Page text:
The following is a description of the first embodiment of the invention given with reference to FIGS. 2A to 2G.
As is shown in FIG. 2A, a field oxide film 11 is formed on a substrate 10 of, for example, silicon, by a thermal oxide method (FIG. 2A). Next, a conductive material such as polycrystalline silicon is formed on the field oxide film 11 by CVD (chemical vapour deposition). Then a fuse element 12 with a prescribed pattern is formed on the field oxide film 11 using a well-known PEP (photoengraving process) (FIG. 2A).
Next, an interlayer insulation film 13, of SiO2, for example, is formed by CVD over the whole main surface of the resultant structure to a thickness of about 3000 Å. Contact holes 14A, 14B are formed by PEP at prescribed locations in the interlayer insulation film 13 and connect with the fuse element 12 (FIG. 2B). These contact holes are for forming semiconductor wiring layers 15A, 15B (to be described later) which contact fuse element 12.
Next, a conductive layer of, for example, aluminum is formed over the whole main surface of the resultant structure by CVD. By patterning this conductive layer using, for example, PEP, mutually isolated conducting wiring layers 15A, 15B, which contact fuse element 12 through contact holes 14A, 14B are formed (FIG. 2C).
A passivation film 16 of, for example, PSG (phosphorous silicon oxide glass) is then formed over the whole main surface of the resultant structure to a thickness of about 10,000 Å using CVD. This passivation film is then patterned by PEP to form an opening 17 in the region corresponding to the region 12A of fuse element 12 to be melted (FIG. 2D). It is possible to form opening 17 in the same process together with the opening for the bonding pad.
An exposure region 13A of the interlayer insulation film 13 is irradiated with a YAG laser, for example, through opening 17, as shown by the arrows in FIG. 2E. Namely, the laser beam is radiated on the region 12A of fuse element 12 to be melted through the region 13A of interlayer insulation film 13 exposed by opening 17. The diameter of the laser beam is normally about 5-6μm. By irradiating the area with a laser beam, the exposure region 13A of the interlayer insulation film 13 and the area 12A to be melted of fuse element 12 are scattered and disappear, and the opening 17 extends to the field oxide film 11 (FIG. 2F).
After this, a resin protective layer 18 is formed over all of the main surface of the resultant structure (FIG. 2G). It is desirable to use a resin having an alpha particle screening function. By screening the alpha particles to the memory cell region (not shown), it is possible to prevent so-called soft errors, thus giving the protective layer 18 two functions. In this case, the protective layer 18 and the layer on the memory cell are formed by the same process so that work can be reduced. If the protective layer 18 is given this kind of dual function, a polyimide resin is used.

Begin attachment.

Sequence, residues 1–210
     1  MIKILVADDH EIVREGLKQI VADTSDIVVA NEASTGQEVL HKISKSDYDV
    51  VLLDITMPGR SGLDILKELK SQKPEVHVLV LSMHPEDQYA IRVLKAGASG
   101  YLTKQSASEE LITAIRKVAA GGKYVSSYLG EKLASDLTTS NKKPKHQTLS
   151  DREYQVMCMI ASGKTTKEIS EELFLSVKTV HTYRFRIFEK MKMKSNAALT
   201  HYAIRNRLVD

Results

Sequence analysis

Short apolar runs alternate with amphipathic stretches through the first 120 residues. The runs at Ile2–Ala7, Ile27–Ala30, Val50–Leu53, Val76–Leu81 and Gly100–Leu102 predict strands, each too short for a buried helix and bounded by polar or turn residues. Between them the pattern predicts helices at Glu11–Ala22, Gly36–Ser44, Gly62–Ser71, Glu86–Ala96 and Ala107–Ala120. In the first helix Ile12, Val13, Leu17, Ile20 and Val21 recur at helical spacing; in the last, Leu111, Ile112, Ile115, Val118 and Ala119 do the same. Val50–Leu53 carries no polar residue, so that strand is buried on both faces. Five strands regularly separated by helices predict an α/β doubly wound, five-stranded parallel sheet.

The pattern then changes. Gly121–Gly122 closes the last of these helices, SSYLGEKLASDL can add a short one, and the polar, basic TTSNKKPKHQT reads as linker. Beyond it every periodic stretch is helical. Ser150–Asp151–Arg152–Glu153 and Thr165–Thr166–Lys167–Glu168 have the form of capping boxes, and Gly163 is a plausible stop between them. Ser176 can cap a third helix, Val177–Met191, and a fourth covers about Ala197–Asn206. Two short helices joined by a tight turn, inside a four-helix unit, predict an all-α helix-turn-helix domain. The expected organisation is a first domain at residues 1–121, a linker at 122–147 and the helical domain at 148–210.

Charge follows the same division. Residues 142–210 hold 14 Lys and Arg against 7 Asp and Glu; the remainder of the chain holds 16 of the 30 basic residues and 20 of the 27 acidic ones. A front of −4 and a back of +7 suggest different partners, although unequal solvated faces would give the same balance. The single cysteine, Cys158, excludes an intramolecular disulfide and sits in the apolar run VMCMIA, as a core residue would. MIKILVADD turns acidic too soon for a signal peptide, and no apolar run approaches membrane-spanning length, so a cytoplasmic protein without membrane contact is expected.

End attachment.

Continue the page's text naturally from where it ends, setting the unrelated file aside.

As was described in the above embodiment, the region of passivation film 16 corresponding to the region 12A of fuse element 12 to be melted is removed beforehand, and with only the interlayer insulation film 13 on the region 12A of the fuse element 12 to be melted, the laser beam is radiated onto the area 12A through the removed region of the passivation film 16 to melt the fuse element 12. The laser beam is radiated onto region 12A, not through the thick passivation film 16 of about 10,000 Å, but rather only through the relatively thin interlayer insulation film 13. Consequently, uneven melting due to fluctuations in the thickness of the passivation film 16 are eliminated and melting of the fuse element 12 can be performed with a very high success rate. Also, because the laser beam passes only through a relatively thin interlayer insulation film 13, a high level of energy is not required and, consequently, regions of the passivation film 16 and interlayer insulation film 13 that are close to the region 12A to be melted are not damaged. As it is possible to form opening 17 in the same process that the bonding pad opening is formed, manufacturing is simplified.
As is clear from the above, according to the invention, a method of manufacturing a semiconductor is provided in which the melting success rate is improved without damaging the elements.
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|U.S. Classification||438/601, 427/555, 219/121.6, 148/DIG.93, 219/121.66, 438/662, 148/DIG.55, 257/209, 257/E21.347, 257/E23.15, 219/121.65|
|International Classification||H01L23/525, H01L27/10, H01L21/82, H01L23/28, H01L21/268|
|Cooperative Classification||H01L2924/0002, Y10S148/055, Y10S148/093, H01L23/5258, H01L21/268|
|European Classification||H01L21/268, H01L23/525F4|
|Dec 13, 1984||AS||Assignment|
Owner name: KABUSHIKI KAISHA TOSHIBA 72 HORIKAWA-CHO, SAIWAI-K
Free format text: ASSIGNMENT OF ASSIGNORS INTEREST.;ASSIGNOR:SAITO, SHOZO;REEL/FRAME:004345/0490
Effective date: 19841129
|Jan 16, 1990||FPAY||Fee payment|
Year of fee payment: 4
|Jan 11, 1994||FPAY||Fee payment|
Year of fee payment: 8
|Jan 20, 1998||FPAY||Fee payment|
Year of fee payment: 12